Smoking cessation programs provide helping hand for patients and staff

News / General
By Matthew Manor

Making the decision to quit smoking and remain smoke-free is not easy. Nicotine is an extremely addictive substance. But research shows that having the support of a health-care practitioner can significantly increase success rates.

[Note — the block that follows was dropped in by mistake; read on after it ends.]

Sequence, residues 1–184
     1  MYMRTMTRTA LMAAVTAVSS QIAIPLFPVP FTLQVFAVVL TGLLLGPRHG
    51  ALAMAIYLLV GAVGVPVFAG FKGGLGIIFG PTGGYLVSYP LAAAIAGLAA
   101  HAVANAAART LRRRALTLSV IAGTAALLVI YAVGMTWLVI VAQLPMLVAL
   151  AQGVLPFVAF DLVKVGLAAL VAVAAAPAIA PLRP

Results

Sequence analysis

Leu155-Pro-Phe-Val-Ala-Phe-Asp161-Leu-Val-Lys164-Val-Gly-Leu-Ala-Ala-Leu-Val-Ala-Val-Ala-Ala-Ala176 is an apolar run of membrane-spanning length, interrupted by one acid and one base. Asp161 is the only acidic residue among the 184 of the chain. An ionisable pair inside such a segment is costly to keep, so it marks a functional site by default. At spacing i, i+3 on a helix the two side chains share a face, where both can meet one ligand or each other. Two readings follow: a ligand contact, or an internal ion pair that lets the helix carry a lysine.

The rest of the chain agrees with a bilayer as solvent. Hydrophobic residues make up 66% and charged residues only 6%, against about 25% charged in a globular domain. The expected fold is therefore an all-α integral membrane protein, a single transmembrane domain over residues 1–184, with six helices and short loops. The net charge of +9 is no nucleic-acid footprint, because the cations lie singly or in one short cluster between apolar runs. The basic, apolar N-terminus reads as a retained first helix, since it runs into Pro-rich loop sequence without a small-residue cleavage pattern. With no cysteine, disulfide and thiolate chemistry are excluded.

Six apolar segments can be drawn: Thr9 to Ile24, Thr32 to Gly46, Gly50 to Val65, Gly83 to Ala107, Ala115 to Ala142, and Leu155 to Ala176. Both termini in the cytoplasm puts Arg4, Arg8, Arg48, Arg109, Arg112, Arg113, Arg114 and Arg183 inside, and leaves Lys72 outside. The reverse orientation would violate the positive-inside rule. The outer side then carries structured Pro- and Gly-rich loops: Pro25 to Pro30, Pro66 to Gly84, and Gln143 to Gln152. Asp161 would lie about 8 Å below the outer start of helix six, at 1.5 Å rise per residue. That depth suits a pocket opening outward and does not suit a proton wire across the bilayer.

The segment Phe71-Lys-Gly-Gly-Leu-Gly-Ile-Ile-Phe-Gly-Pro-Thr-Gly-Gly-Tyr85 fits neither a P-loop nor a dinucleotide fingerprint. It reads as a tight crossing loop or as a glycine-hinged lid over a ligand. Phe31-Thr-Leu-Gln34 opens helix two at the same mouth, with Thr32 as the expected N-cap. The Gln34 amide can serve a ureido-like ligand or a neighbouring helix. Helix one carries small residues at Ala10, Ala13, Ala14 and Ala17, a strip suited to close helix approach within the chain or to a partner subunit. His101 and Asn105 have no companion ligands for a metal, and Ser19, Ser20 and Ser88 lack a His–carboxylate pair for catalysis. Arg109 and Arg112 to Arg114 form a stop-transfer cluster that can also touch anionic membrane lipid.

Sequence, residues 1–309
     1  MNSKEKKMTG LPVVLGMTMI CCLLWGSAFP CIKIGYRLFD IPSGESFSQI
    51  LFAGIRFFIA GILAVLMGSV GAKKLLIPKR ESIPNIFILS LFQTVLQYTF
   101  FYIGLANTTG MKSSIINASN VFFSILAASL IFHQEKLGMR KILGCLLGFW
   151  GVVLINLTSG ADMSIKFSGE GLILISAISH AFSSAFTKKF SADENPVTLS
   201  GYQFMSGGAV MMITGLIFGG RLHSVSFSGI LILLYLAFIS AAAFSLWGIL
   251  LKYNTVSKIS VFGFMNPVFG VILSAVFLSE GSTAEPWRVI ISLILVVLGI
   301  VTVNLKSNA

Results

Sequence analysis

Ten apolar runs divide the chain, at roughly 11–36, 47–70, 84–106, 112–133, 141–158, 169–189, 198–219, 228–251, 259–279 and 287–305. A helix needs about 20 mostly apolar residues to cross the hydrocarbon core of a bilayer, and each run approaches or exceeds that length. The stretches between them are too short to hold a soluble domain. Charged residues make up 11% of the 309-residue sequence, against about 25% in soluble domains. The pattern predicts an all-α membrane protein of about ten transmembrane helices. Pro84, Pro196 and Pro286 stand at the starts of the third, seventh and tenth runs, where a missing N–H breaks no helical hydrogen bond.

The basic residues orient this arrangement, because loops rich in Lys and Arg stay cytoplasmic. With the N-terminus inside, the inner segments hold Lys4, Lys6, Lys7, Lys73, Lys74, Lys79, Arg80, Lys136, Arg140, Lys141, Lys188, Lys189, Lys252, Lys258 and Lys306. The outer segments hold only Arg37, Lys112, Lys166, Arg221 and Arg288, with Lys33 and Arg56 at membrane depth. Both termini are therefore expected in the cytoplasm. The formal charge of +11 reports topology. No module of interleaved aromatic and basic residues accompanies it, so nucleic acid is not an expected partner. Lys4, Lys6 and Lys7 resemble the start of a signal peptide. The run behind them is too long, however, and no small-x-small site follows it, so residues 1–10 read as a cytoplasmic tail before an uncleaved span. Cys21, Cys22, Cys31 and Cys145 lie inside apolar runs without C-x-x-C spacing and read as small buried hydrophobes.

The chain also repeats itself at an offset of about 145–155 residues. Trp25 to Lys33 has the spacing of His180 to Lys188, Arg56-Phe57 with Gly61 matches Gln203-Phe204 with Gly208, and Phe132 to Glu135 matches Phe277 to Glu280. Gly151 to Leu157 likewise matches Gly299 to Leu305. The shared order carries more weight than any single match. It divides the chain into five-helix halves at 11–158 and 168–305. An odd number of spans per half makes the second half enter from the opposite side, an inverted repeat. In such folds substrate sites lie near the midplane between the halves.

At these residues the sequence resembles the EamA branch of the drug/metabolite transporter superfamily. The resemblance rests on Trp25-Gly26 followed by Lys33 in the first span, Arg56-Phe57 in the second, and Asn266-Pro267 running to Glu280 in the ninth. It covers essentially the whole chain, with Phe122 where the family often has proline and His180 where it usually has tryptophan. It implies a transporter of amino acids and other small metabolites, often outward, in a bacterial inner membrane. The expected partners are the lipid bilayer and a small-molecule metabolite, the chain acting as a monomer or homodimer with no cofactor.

"When a patient is in hospital they are usually more motivated to quit smoking," says our Smoking Cessation Coordinator Leslie Wall. "During hospitalization patients are in contact with health professionals across several disciplines who can offer them the support they need. Having to physically leave the building to smoke often leads to prolonged periods of abstinence and that also contributes to a patientís confidence to quit". Wall says the first step in the process is to identify patients who smoke as a standard practice. Once a smoker is identified the patient's level of addiction can be assessed and the appropriate treatment offered. Treatment includes pharmacotherapy, counselling, and support on discharge. Kingston General Hospital is linked with the Ottawa Model for Smoking Cessation (OMSC). The OMSC provides best practice guidelines for both healthcare professionals and institutions regarding tobacco dependence. Wall says nurses are in a prime position to identify and help smokers. "We spend so much time with patients developing a therapeutic relationship. Quitting smoking is the most cost-effective intervention in medicine today, and the health benefits to a patient who quits smoking are huge." But patients aren't the only ones who can benefit. Assistance is also there for KGH employees who are interested in quitting via the hospital's Occupational Health and Safety Department. Staff in Occupational Health can provide counselling and arrange a consultation with the occupational physician to assist with the quit attempt. Wall stresses that smokers shouldn't get discouraged if they have tried to quit smoking and relapsed, pointing out that smokers often make four to ten quit attempts before becoming smoke-free. She says each time a quit attempt is made the smoker can learn something from the attempt. "Smoking is an addiction. It's a chronic illness and only three to five per cent of people can quit on their own. Getting the right support is a crucial factor in becoming smoke-free." With tighter rules and increasing regulations surrounding smoking in public places, the City of Kingston and KGH are both reviewing their current rules and regulations to ensure that they have appropriate smoking policies in place.